In the latest edition of the John Henry Group’s COMMUNICA magazine, Richard Gelder, Director of Construction and Property Recruitment at global recuitment company Hays PLC, shared his thoughts on what companies must do to attract the best engineering talent into their businesses and where the skills gaps are in the current job marketplace.
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COMMUNICA MAGAZINE (CM)
What is the current market like for the recruitment of civil engineering professionals in the UK?
RICHARD GELDER (RG)
For many employers, a major obstacle to achieving growth in the year ahead will be their ability to recruit and retain skilled individuals. In the past 18 months we have seen a dramatic pick-up in recruitment of civil and structural engineers. Confidence over future work pipelines is fuelling the desire to recruit permanent staff, but as the supply of engineers is limited, employers must move quickly to find the right people.
We have already seen an increase in demand for engineers with one to four years’ experience across all sectors and deal daily with engineering businesses seeking to increase staffing levels as workloads improve. Quality candidates are scarce, vacancies can be tricky to fill and high-calibre professionals can move easily into new roles, creating many opportunities for both permanent and
CM :Which areas are seeing the greatest demand?
RG: All areas are buoyant, but housing and infrastructure projects continue to have the highest demand. Recruitment for those with drainage expertise has escalated, and the Government’s aspiration to have all centrally procured projects hit Level 2 Building and Information Modelling (BIM) by 2016 has seen Revit software experience becoming ever more prized. We have noticed that house builders are opening new offices to cope with the increasing workload and bringing design teams in house.
Confidence over future work pipelines is fuelling the desire to recruit permanent rather than contract staff, however the shortage of suitable candidates means employers are often turning to temporary or interim professionals as they simply can’t afford to hang around until the right permanent staff member comes along.
CM: What impact is this having on pay and benefits?
RG: The prospect of an ever-draining talent pool, for the time being at least, is having a knock-on effect in terms of salaries.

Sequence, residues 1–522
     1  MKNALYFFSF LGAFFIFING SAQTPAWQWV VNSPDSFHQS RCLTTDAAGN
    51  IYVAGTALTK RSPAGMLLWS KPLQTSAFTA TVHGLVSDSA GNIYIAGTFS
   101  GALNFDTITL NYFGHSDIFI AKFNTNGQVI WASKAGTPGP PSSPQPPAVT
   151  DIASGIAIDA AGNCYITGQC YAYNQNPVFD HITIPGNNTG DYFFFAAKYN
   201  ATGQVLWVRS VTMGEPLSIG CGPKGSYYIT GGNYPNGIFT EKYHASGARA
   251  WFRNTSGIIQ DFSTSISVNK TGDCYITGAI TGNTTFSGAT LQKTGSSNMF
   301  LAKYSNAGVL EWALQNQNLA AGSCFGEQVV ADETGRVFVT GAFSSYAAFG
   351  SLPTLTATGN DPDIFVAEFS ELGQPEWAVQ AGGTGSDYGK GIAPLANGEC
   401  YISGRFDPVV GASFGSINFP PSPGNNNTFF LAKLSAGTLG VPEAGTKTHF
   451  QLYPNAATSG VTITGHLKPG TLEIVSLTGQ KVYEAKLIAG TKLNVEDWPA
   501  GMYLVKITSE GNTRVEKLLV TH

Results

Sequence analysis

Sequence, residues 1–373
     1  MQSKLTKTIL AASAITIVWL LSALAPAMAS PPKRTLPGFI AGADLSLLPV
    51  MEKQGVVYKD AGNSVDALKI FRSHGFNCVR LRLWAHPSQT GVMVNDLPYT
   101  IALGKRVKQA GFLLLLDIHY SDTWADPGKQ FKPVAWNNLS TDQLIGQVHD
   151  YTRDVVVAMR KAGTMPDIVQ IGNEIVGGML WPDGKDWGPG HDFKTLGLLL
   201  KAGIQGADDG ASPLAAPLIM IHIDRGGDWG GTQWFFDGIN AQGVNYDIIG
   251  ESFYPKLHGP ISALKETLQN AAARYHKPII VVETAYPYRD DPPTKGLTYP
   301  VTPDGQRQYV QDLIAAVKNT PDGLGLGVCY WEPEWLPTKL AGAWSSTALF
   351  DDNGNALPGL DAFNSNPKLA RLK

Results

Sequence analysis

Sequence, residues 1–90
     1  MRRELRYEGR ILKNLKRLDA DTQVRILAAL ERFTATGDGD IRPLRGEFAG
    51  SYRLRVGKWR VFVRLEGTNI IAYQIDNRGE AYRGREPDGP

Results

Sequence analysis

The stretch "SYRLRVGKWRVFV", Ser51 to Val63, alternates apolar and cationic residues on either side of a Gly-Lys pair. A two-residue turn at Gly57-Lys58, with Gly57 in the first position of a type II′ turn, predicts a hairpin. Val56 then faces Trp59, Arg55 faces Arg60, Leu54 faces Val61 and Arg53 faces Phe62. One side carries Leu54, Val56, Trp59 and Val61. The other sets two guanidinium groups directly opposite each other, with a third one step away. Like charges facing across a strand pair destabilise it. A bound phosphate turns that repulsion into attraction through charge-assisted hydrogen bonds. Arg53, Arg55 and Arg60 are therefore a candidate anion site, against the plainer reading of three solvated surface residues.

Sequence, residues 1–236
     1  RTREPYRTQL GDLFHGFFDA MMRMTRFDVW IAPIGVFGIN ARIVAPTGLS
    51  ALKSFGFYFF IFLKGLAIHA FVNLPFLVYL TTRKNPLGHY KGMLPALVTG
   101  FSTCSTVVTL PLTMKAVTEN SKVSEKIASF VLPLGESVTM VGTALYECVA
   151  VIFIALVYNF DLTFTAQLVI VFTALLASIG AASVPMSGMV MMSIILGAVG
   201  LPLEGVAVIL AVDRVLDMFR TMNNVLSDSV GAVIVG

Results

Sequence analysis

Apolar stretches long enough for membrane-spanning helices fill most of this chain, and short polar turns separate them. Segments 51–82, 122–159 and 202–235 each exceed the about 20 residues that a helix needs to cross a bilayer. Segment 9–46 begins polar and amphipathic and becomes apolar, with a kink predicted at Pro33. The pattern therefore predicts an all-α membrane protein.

Employers are being more competitive from graduate level upwards in terms of the money they’re offering. Improvements in other benefits have so far been less pronounced, though in some regions firms are beginning to question whether their packages are attractive enough.
Employers will have to think beyond pay if they are to compete in this competitive market, offering clear opportunities for career development to both attract and retain the people they need.
CM: What should be done to address skill shortages in engineering?
RG: One of the causes of these skill shortages is too few people entering the profession, particularly at graduate level, so it is vital that we invest in and motivate the next generation of engineers.
Engineering UK predicts that engineering companies will need 182,000 people per year with engineering skills in the decade to 2022 but there is a current annual shortfall of 55,000 skilled workers.
To inspire and encourage more young people to pursue studies and careers in
engineering, businesses need to partner with education authorities to create education systems that ensure we have sufficient graduates with the skills that closely align with what businesses need.
This means education authorities working directly with local businesses to deliver a curriculum that provides students with the skills demanded by employers in their area.
This includes encouraging more young people, particularly girls, to pursue GCSE and A level physics, and creating more apprenticeship schemes to provide alternative routes into the professions.
These long-term solutions must be addressed in tandem with an approach to immigration that gives businesses access to the talent they need.
The market for engineers is international, and while this creates exciting career opportunities for individuals it also means employers must be able to compete at an international level to attract highly skilled workers, and need policies to enable them to do so.
*COMMUNICA would like to the PR team and Richard Gelder at Hays PLC for contributing to the pilot edition.